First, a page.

Amid Conservative party chaos PM May is due to meet Emmanuel Macron and Angela Merkel tomorrow to secure a second extension to June 30, only days before the UK is due to leave the European Union.
It comes just after solicitor general Robert Buckland hinted Theresa May could come around to the idea of a softer Brexit after opening cross-party talks with the Labour party last week, resulting in somewhat of a backlash from Brexiteers.
Speaking on Radio Four’s Westminster Hour on Sunday, Buckland said a Custom’s Union would probably be the area where an agreement will most likely be reached.
He said: “Whilst I don’t pretend it’s ideal – I think there are some real drawbacks with it – it does mean we deliver the end to freedom of movement and it does mean that we deliver the vast majority of, I think, the aims of Brexit, which was to leave the institutions of the European Union.
“It’s not perfect, but frankly in this particular hung parliament none of us can get perfection, we need to compromise… something approximating a customs arrangement or customs union I think would be the most likely outcome.”
May will be hoping that talks with Macron and Merkel one day before the EU summit on Wednesday – where the EU council will decide if an extension to June 30 can be granted – will give her an upper hand in the decision they make.
However, speaking to Sky News, an EU source said Donald Tusk told member country officials the European Council would only be offering May a “flextension”, consisting of a year-long extension which could be automatically terminated once the House of Commons gained a majority on the deal.
He said it would be a good scenario for both sides as it would be giving the UK all the flexibility it needs while avoiding an EU summit every few weeks to discuss shorter Brexit extensions.
But following May’s failure to convince MPs to back her deal on three occasions, she has now been forced to side with Labour to come up with a cross-party agreement – which has received crushing criticism from Tory Brexiteers accusing her of willingly “abandoning” the cardinal principle and reasoning behind Brexit in the first place.
Writing about Jeremy Corbyn in the Telegraph, former cabinet minister Boris Johnson said how “utterly incredible” it was for the Labour leader to be invited to Downing Street for talks and that he is “not fit to govern”.
“In order to get Corbyn onside, the Government is apparently willing to abandon the cardinal principle and central logic of Brexit,” he said, “If the UK were to commit to remaining in the Customs Union, it would make a total and utter nonsense of the referendum result.”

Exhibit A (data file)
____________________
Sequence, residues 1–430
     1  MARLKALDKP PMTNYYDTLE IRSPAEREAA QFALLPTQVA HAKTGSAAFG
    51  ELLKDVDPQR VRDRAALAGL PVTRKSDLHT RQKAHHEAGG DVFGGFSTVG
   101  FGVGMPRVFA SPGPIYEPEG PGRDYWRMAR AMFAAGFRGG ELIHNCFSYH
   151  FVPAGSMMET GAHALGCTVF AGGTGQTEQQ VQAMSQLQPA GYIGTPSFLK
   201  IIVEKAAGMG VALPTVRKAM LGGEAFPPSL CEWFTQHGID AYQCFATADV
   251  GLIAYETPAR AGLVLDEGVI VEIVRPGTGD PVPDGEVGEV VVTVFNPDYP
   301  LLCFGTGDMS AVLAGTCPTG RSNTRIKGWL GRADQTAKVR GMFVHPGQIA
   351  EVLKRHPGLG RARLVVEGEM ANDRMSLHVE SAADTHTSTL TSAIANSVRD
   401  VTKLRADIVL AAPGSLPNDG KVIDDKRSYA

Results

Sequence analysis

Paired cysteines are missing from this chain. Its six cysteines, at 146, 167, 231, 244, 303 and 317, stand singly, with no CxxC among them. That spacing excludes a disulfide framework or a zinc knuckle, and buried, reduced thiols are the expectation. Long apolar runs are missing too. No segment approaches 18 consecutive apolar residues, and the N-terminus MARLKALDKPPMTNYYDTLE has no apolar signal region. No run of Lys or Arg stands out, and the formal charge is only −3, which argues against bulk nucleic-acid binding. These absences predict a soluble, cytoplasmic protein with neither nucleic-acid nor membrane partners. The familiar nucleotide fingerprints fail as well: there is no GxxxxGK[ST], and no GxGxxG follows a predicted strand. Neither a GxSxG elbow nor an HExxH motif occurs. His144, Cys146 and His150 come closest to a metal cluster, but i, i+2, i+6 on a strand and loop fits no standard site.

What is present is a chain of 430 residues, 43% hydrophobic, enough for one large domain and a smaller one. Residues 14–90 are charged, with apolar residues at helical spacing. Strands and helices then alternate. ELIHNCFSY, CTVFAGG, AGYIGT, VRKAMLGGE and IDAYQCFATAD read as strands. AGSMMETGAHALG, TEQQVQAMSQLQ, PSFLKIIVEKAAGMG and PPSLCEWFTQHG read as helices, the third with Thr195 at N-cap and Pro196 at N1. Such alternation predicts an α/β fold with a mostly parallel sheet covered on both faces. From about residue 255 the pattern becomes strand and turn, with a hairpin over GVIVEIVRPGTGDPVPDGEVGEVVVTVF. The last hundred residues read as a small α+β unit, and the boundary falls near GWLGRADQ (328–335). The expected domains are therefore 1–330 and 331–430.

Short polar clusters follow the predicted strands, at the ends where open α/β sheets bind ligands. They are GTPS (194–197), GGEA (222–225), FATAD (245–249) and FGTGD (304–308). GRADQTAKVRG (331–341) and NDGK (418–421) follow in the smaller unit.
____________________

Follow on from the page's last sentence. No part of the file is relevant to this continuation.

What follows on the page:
He further suggested the UK would be out of the EU but would in many ways still be run by the EU “forever”, adding, he found the news so appalling that he didn’t “really believe it”.
And despite cross-party talks being held over the weekend, there were none scheduled for today – with May’s spokesperson saying the prime minister was making calls to other European leaders from number 10.
Also breathing down Theresa May’s neck is shadow Brexit secretary and negotiator, Sir Kier Starmer, who told the BBC although talks had been taking place in “good faith” and that “both sides… have approached this in the spirit of trying to find a way forward” – that Labour is still waiting to see what the government is putting on the table as a proposal.
“All they have done so far is indicate various things but not to change the political declaration [the non-legally binding document setting out the UK’s future relationship with the EU] so the ball is in the government’s court.
He added: “We need to see what they come back with and when we do we will take a collective position on that.”
All of these plans from the government could be thrown up in the air however if a bill from Labour’s Yvette Cooper and ex-minister Sir Oliver Letwin passes into law tonight (Monday), which would essentially ensure the prime minister to consult the House of Commons on the proposed length of a further extension to Article 50.
In response, a motion would be tabled by May, only to then be amended by MPs to shorten, lengthen or add more conditions to the Brexit delay – revealing the lack of legitimate power she currently has.